As out-of-pocket costs go up for drugs for the neurologic disorders Alzheimer's disease, peripheral neuropathy and Parkinson's disease, people are less likely to take the drugs as often as their doctors prescribed, according to a study funded by the American Academy of Neurology and published in the February 19, 2020, online issue of Neurology®, the medical journal of the American Academy of Neurology.
These results are concerning, especially as we've seen the cost of prescription drugs continue to rise and an increasing amount of the cost being shifted to patients through out-of-pocket costs. Of course, if people do not follow their prescriptions correctly, they are less likely to benefit from the drug and see improvements in their condition, possibly leading to complications and higher costs later."
Brian C. Callaghan, MD, MS, study author from University of Michigan in Ann Arbor and a Fellow of the American Academy of Neurology
For the study, researchers examined a private insurance claims database for new cases of Alzheimer's disease or other dementia, Parkinson's disease, and peripheral neuropathy over a 15-year period. Peripheral neuropathy is a common condition in which the peripheral nerves become damaged, causing weakness, numbness and pain, typically in the hands and feet. All of these conditions have drugs available that have similar effectiveness and side effects, but different out-of-pocket costs.
For example, the average out-of-pocket cost in 2016 for a 30-day supply of the Alzheimer's drug rivastigmine was $79.30, compared to $3.10 for the drug donepezil. For the peripheral neuropathy drug pregabalin the cost was $65.70, compared to $8.40 for gabapentin. For Parkinson's, the drug pramipexole cost $35.90, compared to $12.40 for the drug ropinirole.
The researchers then looked at how closely the people followed their prescriptions by seeing how many days' worth of the drug were supplied to each person within the first six months.
The study involved 19,820 people with dementia who were taking the study drugs; 52,249 people with neuropathy who were taking the class of drugs called gabapentinoids, which include pregabalin and gabapentin; 5,246 people with neuropathy who were taking the class of drugs called mixed serotonin-norepinephrine reuptake inhibitors (SNRIs), which included duloxetine and venlafaxine; and 3,130 people with Parkinson's who were taking the study drugs.
The study found that increases in out-of-pocket costs by $50 were associated with lower adherence to prescriptions. For Alzheimer's disease, a $50 increase in out-of-pocket costs was associated with a 12-percent decrease in the medication possession ratio, which is the percentage of time a person has access to medication. For example, in 2015, when the cost of the drug donepezil was about $3 for a 30-day supply, people filled their prescriptions about 70 percent of the time; this is compared to the drug rivastigmine, which cost about $100 for a 30-day supply at that time and people filled their prescriptions about 45 percent of the time.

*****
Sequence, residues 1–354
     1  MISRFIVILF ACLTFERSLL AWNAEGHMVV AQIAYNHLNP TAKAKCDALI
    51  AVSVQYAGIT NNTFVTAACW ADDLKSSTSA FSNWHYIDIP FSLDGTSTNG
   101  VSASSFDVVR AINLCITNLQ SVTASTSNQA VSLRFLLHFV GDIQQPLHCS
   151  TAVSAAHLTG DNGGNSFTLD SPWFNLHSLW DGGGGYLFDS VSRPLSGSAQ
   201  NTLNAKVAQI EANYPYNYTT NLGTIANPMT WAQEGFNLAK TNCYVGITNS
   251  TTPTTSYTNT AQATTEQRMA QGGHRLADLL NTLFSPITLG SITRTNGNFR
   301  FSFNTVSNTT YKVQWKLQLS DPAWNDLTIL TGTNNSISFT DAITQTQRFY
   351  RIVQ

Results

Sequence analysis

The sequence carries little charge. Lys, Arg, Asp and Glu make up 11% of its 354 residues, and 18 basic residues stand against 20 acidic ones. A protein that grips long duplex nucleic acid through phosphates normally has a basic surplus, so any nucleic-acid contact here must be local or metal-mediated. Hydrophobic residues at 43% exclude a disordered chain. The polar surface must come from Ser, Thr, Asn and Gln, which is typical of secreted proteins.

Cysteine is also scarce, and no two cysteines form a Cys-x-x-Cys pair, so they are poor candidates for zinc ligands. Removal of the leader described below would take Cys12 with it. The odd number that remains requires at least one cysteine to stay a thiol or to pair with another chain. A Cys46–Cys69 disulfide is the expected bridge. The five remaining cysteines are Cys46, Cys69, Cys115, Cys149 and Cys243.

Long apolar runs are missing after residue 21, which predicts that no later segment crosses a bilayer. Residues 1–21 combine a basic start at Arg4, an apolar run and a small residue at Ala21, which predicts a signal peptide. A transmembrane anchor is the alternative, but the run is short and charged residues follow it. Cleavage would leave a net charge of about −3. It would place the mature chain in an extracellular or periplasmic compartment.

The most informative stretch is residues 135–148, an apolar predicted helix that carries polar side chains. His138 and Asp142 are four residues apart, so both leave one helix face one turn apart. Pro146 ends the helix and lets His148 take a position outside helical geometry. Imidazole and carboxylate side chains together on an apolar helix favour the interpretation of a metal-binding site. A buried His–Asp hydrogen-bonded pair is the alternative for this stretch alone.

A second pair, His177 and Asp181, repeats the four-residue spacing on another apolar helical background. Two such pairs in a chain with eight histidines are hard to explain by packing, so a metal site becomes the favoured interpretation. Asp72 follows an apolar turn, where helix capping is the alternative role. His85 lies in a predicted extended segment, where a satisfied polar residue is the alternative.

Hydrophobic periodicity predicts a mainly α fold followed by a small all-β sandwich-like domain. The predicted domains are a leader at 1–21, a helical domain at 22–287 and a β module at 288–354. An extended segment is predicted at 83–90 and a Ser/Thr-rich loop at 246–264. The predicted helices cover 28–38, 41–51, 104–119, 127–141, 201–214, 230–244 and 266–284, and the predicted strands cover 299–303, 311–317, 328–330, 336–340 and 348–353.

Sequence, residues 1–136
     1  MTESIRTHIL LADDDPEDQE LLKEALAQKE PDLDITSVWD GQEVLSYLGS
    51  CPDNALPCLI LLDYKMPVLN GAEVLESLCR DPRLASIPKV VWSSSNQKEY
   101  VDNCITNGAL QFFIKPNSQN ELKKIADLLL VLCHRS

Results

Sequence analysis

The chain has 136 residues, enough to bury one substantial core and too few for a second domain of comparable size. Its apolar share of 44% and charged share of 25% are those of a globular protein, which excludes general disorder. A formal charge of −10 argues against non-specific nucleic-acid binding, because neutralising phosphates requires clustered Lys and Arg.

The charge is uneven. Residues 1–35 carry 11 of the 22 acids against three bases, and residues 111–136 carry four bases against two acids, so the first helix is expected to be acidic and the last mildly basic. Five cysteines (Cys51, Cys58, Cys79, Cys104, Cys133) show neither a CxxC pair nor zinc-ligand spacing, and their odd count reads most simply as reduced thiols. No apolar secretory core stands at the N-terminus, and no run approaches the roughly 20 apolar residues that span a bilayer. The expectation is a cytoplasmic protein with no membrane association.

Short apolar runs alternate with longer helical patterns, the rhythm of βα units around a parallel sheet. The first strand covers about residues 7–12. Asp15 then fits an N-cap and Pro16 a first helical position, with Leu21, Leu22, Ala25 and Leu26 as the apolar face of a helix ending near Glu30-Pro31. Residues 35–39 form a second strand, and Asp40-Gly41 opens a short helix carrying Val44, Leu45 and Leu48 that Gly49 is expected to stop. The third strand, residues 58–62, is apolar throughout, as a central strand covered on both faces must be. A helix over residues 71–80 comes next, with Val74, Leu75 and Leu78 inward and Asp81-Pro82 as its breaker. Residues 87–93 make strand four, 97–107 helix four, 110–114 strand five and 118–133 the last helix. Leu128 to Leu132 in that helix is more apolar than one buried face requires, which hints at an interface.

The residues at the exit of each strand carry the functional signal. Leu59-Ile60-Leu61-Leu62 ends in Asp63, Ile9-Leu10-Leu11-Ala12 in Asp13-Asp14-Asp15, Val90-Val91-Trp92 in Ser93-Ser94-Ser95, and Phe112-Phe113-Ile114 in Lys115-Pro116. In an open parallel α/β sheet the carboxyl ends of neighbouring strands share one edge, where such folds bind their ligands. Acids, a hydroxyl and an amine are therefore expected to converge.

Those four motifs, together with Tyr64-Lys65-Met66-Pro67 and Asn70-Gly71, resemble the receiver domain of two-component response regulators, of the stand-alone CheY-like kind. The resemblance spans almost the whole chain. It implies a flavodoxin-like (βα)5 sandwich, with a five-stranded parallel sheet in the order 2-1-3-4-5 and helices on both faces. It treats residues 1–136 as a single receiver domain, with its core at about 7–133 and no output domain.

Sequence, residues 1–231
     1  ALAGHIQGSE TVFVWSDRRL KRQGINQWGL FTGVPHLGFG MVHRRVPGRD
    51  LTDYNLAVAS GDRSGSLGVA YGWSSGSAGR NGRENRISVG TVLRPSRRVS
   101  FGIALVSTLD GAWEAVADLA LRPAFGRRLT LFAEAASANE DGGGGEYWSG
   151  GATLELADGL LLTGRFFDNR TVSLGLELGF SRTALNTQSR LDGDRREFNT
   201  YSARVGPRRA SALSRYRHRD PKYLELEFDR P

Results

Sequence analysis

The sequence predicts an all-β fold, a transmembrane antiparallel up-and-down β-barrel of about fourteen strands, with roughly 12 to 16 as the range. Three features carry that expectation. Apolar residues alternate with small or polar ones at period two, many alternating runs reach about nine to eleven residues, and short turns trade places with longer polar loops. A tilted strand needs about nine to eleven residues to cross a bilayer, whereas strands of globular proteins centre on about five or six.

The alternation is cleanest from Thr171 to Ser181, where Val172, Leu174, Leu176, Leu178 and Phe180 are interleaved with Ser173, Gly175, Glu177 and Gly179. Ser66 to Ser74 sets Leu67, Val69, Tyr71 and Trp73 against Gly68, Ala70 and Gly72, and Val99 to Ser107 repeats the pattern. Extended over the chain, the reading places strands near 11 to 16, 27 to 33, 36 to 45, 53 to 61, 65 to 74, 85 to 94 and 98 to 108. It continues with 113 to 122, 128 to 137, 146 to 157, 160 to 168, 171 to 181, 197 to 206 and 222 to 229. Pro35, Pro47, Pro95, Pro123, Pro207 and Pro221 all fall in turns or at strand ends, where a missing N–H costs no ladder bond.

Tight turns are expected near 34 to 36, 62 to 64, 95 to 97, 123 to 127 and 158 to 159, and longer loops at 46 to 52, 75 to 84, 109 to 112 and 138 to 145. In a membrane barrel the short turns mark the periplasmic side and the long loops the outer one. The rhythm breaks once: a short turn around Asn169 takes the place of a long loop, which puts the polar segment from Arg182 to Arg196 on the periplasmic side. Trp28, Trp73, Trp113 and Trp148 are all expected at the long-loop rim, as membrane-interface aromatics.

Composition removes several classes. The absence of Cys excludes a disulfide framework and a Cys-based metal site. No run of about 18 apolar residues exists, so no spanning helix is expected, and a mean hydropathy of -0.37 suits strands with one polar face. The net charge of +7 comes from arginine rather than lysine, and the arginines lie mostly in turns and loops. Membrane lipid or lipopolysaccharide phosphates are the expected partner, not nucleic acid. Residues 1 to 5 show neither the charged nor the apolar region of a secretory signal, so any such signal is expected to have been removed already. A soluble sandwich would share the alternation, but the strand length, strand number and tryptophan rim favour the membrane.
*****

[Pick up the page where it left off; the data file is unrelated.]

For peripheral neuropathy, a $50 increase in out-of-pocket costs for the gabapentinoid drugs was associated with a 9-percent decrease in the medication possession ratio.
The researchers also found that Asian, black and Latino people had larger drops in medication adherence rates than white people for equivalent increases in out-of-pocket costs.
"New approaches to increase medication adherence for these population groups is critically important to reducing health care disparities," Callaghan said.
Callaghan also noted that people with Alzheimer's disease and neuropathy often have other conditions that require medication, so the effect of out-of-pocket drug costs may be magnified.
"Out-of-pocket costs have risen to the point where systematic changes are needed," said James C. Stevens, MD, FAAN, President of the American Academy of Neurology. "These changes could include legislative action to place a cap on out-of-pocket costs, which the American Academy of Neurology is advocating for in Washington, D.C. Another change could be to provide neurologists with access to information on drugs costs so that when they meet with patients to make treatment decisions, they can help to minimize the financial burden."
A limitation of the study was that researchers were not able to measure how many people never filled their first prescription of a drug, which could be related to out-of-pocket costs. In addition, the study looked only at people with private insurance, so the results may not apply to other populations.
Reynolds, E.L., et al. (2020) Association of out-of-pocket costs on adherence to common neurologic medications. Neurology. doi.org/10.1212/WNL.0000000000009039.